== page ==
Earthbound concerns of an ascendant adult

“Summer of Hack & Slash”

by Patrick Stephenson,
devoted enabler of trash cinema

OBSCURANT // Some quality of summer has always attracted me to garbage entertainment. One summer during high school, I was addicted to Full House reruns. Father Danny (Saget) would clean house, JasonUncle Jessie (Stamos) would protect his hair, and Michelle (the twins Olsen) would regurgitate cute catchphrases: “You got it, dude.” The reruns I watched would begin at 4:00pm and last for an hour, and from wherever I was, I would run for the TV. It was an addiction.

During another summer, my addiction was to dating shows, and to The Price is Right another. In retrospect, my TV appointments were a form of comfort and an imposition of structure on a time that was structureless and in need of molding. Without major responsibilities, they gave me security—an appointed place to be at an appointed time. That my addictions were lacking in quality seemed not to matter. In fact, that they were bad and formulaic—Full House always ended with a lesson, those dating shows with either a coupling or a co-rejection, The Price is Right with your pets spayed or neutered—probably provided additional comfort. Order for chaos!

So, this summer I have a new addiction: Friday the 13th films, wherein hockey mask-faced Jason—whose body is well-built and tall despite his youth-aged drowning—stalks promiscuous, drug-using teens at summer camps. Unfortunately, what I’ve chosen reflects the way my life has changed. I can no longer afford to spend an hour every day, beginning at 4:00pm, before a television. Instead, I need to rent series DVDs from my local Blockbuster.

However, this addiction has retained one quality of those I’ve had in the past. These Jason movies are awful. In addition to being poorly made and generally inept, especially where acting is concerned, they adhere to a strict formula. Jason, a campfire legend in spite of his well-documented past kills, must rise from death, must murder immoral, gratuitously nude teenagers, and must then himself be killed—for now. What makes individual entries unique, then, lies in how and where Jason kills.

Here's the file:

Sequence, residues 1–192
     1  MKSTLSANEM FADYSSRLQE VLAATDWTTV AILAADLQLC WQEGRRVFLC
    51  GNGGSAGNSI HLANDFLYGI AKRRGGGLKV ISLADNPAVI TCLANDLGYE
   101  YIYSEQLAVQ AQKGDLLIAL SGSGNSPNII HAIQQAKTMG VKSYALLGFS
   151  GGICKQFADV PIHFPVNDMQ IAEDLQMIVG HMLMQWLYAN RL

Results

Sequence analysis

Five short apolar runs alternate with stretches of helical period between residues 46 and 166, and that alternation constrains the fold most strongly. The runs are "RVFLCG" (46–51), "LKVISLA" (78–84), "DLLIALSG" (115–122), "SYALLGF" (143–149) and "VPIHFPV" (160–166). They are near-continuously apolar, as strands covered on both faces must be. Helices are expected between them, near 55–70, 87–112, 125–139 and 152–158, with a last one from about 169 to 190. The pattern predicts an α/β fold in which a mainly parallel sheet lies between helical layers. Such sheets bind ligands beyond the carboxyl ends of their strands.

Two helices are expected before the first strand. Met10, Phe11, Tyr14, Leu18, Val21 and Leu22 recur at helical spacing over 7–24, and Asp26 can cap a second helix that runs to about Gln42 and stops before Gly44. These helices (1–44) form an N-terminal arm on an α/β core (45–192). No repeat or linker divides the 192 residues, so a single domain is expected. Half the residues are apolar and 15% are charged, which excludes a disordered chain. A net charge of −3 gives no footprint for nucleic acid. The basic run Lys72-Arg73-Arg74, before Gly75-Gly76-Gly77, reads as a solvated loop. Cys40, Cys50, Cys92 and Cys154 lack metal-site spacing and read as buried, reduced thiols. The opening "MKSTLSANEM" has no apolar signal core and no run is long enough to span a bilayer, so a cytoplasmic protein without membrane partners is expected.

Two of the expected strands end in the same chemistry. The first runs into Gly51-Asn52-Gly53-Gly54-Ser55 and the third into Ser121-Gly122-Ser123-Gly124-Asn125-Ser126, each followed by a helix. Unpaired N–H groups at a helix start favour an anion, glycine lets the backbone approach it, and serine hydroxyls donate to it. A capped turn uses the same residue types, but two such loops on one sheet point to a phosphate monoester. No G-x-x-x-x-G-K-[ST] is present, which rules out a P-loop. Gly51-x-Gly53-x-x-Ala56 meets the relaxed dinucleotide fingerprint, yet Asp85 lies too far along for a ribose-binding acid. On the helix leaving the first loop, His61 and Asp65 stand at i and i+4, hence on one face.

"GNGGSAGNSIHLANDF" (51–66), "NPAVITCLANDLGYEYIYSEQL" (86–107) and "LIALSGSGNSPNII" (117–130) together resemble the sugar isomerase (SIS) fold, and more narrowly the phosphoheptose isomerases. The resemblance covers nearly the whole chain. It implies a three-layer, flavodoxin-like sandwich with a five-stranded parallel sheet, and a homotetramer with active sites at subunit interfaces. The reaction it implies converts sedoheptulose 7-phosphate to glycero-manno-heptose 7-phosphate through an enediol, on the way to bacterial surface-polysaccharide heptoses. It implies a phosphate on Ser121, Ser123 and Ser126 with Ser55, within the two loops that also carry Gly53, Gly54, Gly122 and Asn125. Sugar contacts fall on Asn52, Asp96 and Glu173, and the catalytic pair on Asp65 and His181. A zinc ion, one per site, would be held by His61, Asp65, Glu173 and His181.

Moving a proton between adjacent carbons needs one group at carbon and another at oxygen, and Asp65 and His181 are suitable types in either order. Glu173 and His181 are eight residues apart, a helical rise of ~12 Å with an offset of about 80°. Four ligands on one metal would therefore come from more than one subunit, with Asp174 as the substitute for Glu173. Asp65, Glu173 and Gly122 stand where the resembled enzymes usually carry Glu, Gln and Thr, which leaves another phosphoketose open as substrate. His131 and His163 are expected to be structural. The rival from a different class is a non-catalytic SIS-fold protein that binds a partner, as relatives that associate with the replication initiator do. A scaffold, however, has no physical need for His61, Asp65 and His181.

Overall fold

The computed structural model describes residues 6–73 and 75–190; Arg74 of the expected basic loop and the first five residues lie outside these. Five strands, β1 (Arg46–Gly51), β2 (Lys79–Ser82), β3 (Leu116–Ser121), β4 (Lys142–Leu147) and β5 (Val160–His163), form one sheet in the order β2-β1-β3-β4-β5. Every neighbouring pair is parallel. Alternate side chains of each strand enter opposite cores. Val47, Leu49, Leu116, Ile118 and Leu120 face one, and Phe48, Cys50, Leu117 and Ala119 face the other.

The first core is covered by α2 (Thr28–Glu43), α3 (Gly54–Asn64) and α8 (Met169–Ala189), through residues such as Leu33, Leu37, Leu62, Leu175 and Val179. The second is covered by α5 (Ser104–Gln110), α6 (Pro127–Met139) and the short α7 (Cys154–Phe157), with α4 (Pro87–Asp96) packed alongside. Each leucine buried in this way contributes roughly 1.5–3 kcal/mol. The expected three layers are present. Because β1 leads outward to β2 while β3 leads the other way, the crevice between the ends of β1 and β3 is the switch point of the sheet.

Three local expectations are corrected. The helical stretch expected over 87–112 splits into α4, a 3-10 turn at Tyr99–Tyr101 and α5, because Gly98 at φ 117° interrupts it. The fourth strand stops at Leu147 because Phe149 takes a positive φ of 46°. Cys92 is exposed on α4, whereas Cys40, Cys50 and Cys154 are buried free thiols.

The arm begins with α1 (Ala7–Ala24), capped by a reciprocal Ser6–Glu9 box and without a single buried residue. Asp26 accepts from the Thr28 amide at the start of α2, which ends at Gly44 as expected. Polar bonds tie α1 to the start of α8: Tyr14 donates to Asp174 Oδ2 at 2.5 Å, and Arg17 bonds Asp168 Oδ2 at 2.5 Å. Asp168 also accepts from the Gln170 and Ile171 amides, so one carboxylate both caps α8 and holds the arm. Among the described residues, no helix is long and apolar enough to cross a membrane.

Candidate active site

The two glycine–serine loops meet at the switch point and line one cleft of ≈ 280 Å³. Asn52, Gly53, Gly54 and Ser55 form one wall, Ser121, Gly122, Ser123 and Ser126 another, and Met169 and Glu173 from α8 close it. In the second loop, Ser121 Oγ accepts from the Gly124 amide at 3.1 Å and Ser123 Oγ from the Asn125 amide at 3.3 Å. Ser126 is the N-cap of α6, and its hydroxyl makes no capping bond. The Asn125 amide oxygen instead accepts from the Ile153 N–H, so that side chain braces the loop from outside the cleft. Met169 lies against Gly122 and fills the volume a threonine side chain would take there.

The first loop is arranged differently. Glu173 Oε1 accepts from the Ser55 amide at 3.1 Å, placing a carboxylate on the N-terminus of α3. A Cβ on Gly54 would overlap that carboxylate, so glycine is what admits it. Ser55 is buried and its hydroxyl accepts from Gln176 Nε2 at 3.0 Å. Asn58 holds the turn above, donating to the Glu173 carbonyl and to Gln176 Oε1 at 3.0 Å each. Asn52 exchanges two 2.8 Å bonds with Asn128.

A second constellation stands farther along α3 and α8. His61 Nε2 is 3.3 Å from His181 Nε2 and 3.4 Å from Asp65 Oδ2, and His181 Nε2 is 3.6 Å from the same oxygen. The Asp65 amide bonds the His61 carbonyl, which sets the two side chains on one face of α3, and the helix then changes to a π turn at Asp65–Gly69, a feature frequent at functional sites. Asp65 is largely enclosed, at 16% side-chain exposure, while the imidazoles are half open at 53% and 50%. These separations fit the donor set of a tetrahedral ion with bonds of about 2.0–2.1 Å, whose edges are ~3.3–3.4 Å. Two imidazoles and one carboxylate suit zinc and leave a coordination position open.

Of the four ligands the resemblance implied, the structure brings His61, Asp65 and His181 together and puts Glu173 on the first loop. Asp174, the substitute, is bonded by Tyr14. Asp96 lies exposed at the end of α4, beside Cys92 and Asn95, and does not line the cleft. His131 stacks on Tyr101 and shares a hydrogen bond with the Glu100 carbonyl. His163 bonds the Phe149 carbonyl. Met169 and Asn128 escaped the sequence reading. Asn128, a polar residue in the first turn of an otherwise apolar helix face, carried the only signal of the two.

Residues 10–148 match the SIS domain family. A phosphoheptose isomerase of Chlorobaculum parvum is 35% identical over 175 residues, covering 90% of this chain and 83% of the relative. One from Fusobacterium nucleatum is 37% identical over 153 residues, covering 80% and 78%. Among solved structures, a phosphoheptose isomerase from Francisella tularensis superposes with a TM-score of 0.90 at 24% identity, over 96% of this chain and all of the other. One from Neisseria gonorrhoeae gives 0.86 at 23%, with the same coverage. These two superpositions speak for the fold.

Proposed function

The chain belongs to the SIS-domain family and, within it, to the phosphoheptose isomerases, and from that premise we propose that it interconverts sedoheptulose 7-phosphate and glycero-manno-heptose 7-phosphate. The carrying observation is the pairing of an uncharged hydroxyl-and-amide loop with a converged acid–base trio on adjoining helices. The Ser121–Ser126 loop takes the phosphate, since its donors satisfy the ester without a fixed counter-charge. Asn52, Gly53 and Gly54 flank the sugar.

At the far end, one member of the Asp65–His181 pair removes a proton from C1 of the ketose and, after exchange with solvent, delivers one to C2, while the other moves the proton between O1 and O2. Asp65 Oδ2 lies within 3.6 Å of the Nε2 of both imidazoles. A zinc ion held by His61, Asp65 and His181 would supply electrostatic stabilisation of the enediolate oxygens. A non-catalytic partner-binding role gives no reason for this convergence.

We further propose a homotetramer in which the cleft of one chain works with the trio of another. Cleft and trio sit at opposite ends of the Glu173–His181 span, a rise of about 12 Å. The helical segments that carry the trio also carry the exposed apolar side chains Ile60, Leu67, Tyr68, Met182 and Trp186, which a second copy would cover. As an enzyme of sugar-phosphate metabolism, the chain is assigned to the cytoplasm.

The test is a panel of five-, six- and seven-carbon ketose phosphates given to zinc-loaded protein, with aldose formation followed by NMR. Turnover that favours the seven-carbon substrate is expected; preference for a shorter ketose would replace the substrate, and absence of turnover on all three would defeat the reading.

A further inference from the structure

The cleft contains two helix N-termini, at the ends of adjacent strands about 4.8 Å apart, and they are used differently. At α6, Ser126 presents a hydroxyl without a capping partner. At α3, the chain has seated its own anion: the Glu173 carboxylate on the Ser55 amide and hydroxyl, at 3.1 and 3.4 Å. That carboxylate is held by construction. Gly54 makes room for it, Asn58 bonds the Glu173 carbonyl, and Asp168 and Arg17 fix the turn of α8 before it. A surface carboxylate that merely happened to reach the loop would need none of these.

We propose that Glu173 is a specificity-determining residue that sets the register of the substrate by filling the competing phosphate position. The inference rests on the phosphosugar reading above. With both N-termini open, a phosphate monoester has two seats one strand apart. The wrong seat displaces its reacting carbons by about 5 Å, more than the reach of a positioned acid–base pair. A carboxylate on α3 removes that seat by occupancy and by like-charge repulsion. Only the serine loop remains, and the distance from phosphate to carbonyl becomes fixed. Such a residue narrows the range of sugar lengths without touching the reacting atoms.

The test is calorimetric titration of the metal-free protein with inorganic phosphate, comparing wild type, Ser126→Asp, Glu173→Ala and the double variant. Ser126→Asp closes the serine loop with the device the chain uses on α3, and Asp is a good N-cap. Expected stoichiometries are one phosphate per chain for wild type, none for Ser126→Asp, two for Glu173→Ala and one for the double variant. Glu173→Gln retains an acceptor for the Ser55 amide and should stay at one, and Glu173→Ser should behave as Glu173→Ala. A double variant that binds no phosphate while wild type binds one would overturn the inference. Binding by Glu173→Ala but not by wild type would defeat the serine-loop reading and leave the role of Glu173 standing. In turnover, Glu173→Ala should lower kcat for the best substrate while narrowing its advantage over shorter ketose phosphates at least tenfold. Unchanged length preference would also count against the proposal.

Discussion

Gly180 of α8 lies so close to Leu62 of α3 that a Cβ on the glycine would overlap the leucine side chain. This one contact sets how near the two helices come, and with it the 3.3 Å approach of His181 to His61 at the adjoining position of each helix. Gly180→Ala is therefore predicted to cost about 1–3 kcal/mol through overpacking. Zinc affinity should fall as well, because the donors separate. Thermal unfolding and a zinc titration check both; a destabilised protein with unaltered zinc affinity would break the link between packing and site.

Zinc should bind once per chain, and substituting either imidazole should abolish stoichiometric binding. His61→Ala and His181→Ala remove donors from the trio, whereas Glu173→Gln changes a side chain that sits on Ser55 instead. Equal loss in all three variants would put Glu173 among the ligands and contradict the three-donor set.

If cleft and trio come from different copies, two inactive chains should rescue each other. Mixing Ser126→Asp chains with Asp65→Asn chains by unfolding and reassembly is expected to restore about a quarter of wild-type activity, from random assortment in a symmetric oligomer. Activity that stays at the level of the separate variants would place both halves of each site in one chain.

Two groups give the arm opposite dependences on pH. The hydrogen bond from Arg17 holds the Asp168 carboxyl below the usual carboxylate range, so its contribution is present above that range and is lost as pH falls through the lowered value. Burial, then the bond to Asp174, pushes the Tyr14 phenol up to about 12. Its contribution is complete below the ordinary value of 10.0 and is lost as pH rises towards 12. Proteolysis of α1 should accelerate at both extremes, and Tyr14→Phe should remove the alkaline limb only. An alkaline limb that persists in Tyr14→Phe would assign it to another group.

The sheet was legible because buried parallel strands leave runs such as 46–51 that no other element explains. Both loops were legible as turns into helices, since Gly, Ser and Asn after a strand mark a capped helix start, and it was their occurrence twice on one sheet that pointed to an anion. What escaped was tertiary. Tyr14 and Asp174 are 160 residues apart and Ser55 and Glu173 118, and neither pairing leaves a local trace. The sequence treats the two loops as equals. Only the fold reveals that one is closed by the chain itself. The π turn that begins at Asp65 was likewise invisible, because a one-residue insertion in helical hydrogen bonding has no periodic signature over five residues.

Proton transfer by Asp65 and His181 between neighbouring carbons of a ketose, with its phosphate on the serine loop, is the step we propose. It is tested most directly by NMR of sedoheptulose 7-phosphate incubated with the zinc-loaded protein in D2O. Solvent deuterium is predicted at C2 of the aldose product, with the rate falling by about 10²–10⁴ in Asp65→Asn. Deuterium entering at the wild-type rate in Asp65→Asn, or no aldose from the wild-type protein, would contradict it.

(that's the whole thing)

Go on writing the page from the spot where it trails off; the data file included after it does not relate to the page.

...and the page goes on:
Some Highlights

Friday the 13th: Part VI: Jason Lives: Jason, whose body is buried in a graveyard near Crystal Lake, is resurrected by a bolt of lightning, after which he attacks Camp Forest Green [aka: the infamous Crystal Lake, name-changed to mask its bloody past]. Gore is minimal, but the characters are more interesting than usual, and there’s some humor, e.g. a little girl reading Sartre’s No Exit. There are also a few attempts at pre-Scream self-awareness, with one future victim saying [paraphrase], “If horror movies have taught me anything, it’s that men in masks should be avoided.”

A failure in this regard involves two camp (pun intended) boys who say things like, “What were you going to be when you grew up?” This despite the well known rule of Kane Hodder, a former stuntman who has played Jason several times, that Jason’ll never kill pets or kids. The kids’ presence and self-awareness aren’t so much amusing as annoying. Still, I watched this at around 3am, pre-sleep, and was, during certain scenes, genuinely scared.

Friday the 13th: Part VIII: Jason Takes Manhattan: This one’s title is an obvious misnomer. The majority of the movie takes place on a boat and only the last third or so actually involves a (not very convincing, plus strangely toxic waste-filled) New York. If they’d been able to afford letting Jason loose in NYC from the beginning, and having him interact with New Yorkers instead of the traditional cast of too old Canadian high-schoolers on a field trip, the movie would’ve deserved the name it has.

Its gore and characters are lame all around: the drug-snorting, teacher-seducing, big hair-having prom queen who receives some Jason-style comeuppance says things like, “Is that a muscled bod or what?” And then, when a crewmember approaches, she tells her friend [Kelly Hu], “Gorgeous guy at 2 o’clock. Look sensual.” No one talks like that. One highlight toward the end is the character Julius’ boxing match with Jason, which ends with the former’s decapitation. Poor Julius. He tried.

Friday the 13th: Part IX: Jason Goes to Hell: This one is super lame. The opening scene, during which an ostensible camp counselor strips and takes a bath, is remindful of past movies, and what follows her stripping is classic: she’s acting as bait in a sting operation, and the trap into which she leads Jason is a firing squad. But after that, a random guy in a morgue eats Jason’s heart, and throughout the rest of the movie, Jason’s essence is passed from character to character. Essentially, Jason appears only at the film’s beginning and end, and very briefly. During the rest of the movie, the characters containing his essence unleash J’s gore. We want to see Jason—not zombified morticians and cab drivers—killing people. Boring.

Friday the 13th: Jason X: I.e, Jason in space, with horrible acting and cheapy FX absolutely everywhere. That it was filmed in Canada is sadly apparent—why does everyone in the future have a Canadian accent?—but its shoddy visuals are forgiven (just a bit) by some creative killing, a scene at the end where Crystal Lake is recreated in a Star Trek-style holodeck, and a disturbing sex scene involving a massive nipple clamp. Why the series got this far is beyond me, but I’ll watch whatever’s next, no matter how bad—and it will be bad. The word ‘bad’ won’t do it justice.

— P.S., for Rochester Post-Bulletin, 2004

Written by patiomensch

March 2, 2007 at 9:31 pm

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